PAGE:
‘Concerning’ number of pubs let children gamble

Just 10% pubs in the UK actively prevent children from gambling on their premises, according to a new report from the Gambling Commission.

Children are not permitted to play Category C gaming machines1 in pubs.

But an investigation carried out by the government watchdog the Gambling Commission found that 89% of pubs were failing to stop under-aged children from using the machines.

The figure outstrips the 15-30% rate of failure seen in other industries selling age-restricted products such as alcohol or tobacco.

“We are extremely concerned that pubs across England are failing to stop children playing gaming machines designed for adults,” Helen Rhodes, Programme Director at the Gambling Commission, said.

“We urgently call on the pub sector to take action immediately to enforce the laws in place to protect children and young people.

“We expect to see significant improvement in further tests and will continue to work with licensing authorities to support any action required against those failing to adhere to the requirements.”

Both UK Hospitality and the British Beer and Pub Association have said their senior staff are “seeking urgent meetings” with the Commission to address the issue.

Brigid Simmonds, chief executive of the BBPA, said the industry body is taking the report “very seriously.”

“We have ensured that all of our members are aware of both the BBPA’s and Gambling Commission’s codes of practice and we are already taking steps to develop a social charter for responsible gambling, for use by licensees and pub companies.”

“However given the importance of this issue we are seeking urgent meetings with the Gambling Commission and local authorities to ensure appropriate action is taken.”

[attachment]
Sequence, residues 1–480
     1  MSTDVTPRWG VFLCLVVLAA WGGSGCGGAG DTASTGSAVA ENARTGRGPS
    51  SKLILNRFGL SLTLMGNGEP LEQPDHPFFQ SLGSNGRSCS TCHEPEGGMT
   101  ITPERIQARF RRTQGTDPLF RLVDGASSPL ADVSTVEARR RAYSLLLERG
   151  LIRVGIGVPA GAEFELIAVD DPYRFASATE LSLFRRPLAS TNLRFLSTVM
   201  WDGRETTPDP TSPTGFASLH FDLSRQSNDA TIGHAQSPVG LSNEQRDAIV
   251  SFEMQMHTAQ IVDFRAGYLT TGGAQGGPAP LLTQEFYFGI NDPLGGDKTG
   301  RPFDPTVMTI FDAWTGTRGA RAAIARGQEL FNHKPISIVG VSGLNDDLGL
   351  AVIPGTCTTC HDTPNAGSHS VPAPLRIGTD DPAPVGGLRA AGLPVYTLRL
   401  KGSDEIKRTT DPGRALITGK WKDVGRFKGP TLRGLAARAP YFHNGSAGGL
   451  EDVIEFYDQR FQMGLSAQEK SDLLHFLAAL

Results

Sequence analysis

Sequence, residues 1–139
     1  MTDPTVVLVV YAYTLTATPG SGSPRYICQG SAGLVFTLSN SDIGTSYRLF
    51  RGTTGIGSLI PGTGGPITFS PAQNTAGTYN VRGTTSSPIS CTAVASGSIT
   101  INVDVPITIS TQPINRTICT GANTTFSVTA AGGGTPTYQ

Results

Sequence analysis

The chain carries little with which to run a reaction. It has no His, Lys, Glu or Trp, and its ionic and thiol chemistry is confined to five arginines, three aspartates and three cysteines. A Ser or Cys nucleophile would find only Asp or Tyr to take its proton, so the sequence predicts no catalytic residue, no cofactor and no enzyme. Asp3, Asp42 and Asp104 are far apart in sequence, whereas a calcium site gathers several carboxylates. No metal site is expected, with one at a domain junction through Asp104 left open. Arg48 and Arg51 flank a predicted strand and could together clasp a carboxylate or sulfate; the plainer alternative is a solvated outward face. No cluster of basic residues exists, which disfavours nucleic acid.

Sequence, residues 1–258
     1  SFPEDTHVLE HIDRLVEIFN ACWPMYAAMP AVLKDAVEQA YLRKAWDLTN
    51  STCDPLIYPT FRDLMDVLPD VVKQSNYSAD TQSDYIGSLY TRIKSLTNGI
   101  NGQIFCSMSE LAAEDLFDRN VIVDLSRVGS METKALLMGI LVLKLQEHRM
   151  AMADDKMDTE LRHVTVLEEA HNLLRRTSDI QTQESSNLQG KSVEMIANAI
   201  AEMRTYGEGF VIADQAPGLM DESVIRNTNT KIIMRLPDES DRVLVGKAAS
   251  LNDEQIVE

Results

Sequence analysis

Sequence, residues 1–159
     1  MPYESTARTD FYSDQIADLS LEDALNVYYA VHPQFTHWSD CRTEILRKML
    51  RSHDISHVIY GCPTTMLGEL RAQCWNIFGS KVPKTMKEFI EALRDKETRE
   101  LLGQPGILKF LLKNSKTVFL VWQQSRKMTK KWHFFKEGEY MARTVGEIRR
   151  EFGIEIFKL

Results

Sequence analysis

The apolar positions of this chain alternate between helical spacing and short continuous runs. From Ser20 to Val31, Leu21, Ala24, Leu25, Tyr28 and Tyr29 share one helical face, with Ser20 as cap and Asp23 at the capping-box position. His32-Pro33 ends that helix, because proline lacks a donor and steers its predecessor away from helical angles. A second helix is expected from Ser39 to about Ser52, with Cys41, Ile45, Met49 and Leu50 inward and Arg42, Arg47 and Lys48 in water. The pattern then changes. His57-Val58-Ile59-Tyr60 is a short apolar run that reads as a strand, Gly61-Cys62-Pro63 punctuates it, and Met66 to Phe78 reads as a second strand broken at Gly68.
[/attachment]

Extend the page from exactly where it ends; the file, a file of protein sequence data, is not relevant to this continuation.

UKHospitality Chief Executive Kate Nicholls said: “Underage play on gaming machines in pubs is wholly unacceptable. Our members, and the wider pub sector, understand this and the issue is taken very seriously

“UKHospitality is already working with its members and other trade bodies to develop a social responsibility charter, with bespoke pub-specific messaging; highlighting responsible gaming and the prevention of underage play.

“We will also be writing to the Gambling Commission to seek a meeting at the earliest opportunity.”

The maximum bet on fixed-odds betting terminals is set to be cut from £100 to £2.

The cap was set to be enforced from October next year after it was confirmed by chancellor Philip Hammond in last month’s Autumn Statement, but it has now been brought forward to April after the government bowed to pressure from Conservative MPs.

The British Beer and Pub Association (BBPA) opposed the cap, and called on the government to allow for higher stakes on gaming machines in January, in a bid to combat declining beer sales.

It called for a “modest rise in stakes and prizes for pub machines”, shortly after the government announced it was likely to set a cap on gambling machines.

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